Ho Chi Minh City has exported more than 5.5 million ornamental fish to 32 countries across the globe within the first eight months of the year and expecting to reap in estimated profits of US$10 million by the end of the year.
|More facilities are required to increase ornamental fish exports (Photo: Yen Nhi)|
Exports have mainly been to Europe with 66.7 percent, North America 17.7 percent and Asia-Pacific 15.5 percent. However, despite being the fastest growing business in Ho Chi Minh City, with an average growth rate of 20 percent consistently since 2006, this industry has still not tapped its full potential.
Vo Van Cuong, Chairman of the Ornamental Flora and Fauna Association in HCMC, illustrated the case of Singapore where profits from export of ornamental fish reached US$300 million per annum 5 years ago.
Many Singaporeans are well versed in this trade, exporting tons of ornamental fish every year. Another case in point is that of Thailand, touching US$50 million profits from ornamental fish exports last year.
Such fish breeding is mostly concentrated in southern Vietnam, in particular in HCMC. Exports of ornamental fish in the city can easily reach US$10 million, though actual figures are higher as only fish that has been inspected by the Fisheries and Resource Protection department is officially accounted for. Nonetheless, this figure is still quite low compared to the expectation of reaching US$50 million.
Cuong stated that since the production of ornamental fish is still at a small-scale level, being considered more a poverty elimination project rather than a serious business, it is little wonder that even in the next 10 years, Vietnam will not be able to contend with Thailand and Singapore.
The most professional facility for raising ornamental fish in HCMC is the 10 hectare Saigon Aquarium, located in Tan An Hoi Commune in Cu Chi District. The output from this facility could reach VND1 billion per year (approx. US$48,550) if exploited well. Unfortunately, much more needs to be done in this facility to make it more competitive.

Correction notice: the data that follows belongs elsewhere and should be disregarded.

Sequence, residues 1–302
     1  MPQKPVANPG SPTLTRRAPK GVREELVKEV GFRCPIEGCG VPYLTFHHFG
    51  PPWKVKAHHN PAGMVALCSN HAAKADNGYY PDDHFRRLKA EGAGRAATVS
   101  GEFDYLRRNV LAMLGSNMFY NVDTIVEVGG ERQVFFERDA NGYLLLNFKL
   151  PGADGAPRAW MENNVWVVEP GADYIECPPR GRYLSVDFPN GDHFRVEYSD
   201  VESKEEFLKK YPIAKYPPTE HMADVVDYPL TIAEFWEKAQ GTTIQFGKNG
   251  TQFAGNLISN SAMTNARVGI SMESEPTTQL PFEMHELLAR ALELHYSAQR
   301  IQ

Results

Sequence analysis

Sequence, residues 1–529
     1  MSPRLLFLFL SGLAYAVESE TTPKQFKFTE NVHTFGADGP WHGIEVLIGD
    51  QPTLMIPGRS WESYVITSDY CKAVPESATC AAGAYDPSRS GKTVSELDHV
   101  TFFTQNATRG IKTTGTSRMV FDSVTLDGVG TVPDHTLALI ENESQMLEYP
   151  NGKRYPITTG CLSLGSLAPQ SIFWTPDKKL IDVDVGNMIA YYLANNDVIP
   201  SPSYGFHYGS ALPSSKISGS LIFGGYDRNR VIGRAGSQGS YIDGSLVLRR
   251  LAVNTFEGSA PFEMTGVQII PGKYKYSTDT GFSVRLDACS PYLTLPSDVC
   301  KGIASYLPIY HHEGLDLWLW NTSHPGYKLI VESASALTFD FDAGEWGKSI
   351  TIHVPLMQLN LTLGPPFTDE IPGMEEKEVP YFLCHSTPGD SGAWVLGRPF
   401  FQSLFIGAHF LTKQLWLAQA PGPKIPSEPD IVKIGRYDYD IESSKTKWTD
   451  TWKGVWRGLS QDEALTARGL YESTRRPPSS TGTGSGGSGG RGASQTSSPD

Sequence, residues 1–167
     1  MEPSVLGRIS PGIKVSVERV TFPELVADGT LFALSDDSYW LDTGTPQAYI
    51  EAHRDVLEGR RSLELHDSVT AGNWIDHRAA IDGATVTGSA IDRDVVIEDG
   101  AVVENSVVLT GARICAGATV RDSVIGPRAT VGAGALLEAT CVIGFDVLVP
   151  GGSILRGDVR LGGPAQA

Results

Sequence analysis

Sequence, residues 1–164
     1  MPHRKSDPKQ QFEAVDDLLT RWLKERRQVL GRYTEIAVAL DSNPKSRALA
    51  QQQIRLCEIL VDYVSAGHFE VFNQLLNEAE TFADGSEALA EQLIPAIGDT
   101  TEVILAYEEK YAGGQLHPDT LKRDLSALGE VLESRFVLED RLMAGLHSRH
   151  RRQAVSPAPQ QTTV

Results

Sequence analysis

Cuong believes that so far the two areas in Cu Chi and Binh Chanh districts need long-term development plans. Better infrastructure such as electricity, water sources and transport need to be incorporated to raise export production. A high-tech center, covering a large area is what is urgently required to attract more investments into this business.
Nguyen Phuoc Trung, Deputy Director of the HCMC Department of Agriculture and Rural Development said that the city has already made moves to find a suitable location to build a high-tech center for raising ornamental fish in the general aquaculture development plan.
Vo Van Sanh, an experienced fish breeder, commented that the problem at the moment was discrepancies in raising techniques, scale of production and market demands. The situation can be amended if concerned authorities develop business relations with foreign counterparts to gain a better foothold in the business.
According to Trung, the city is planning to use the capital from the trade promotion fund to investigate real demands in foreign markets as well as sponsor research teams in the field.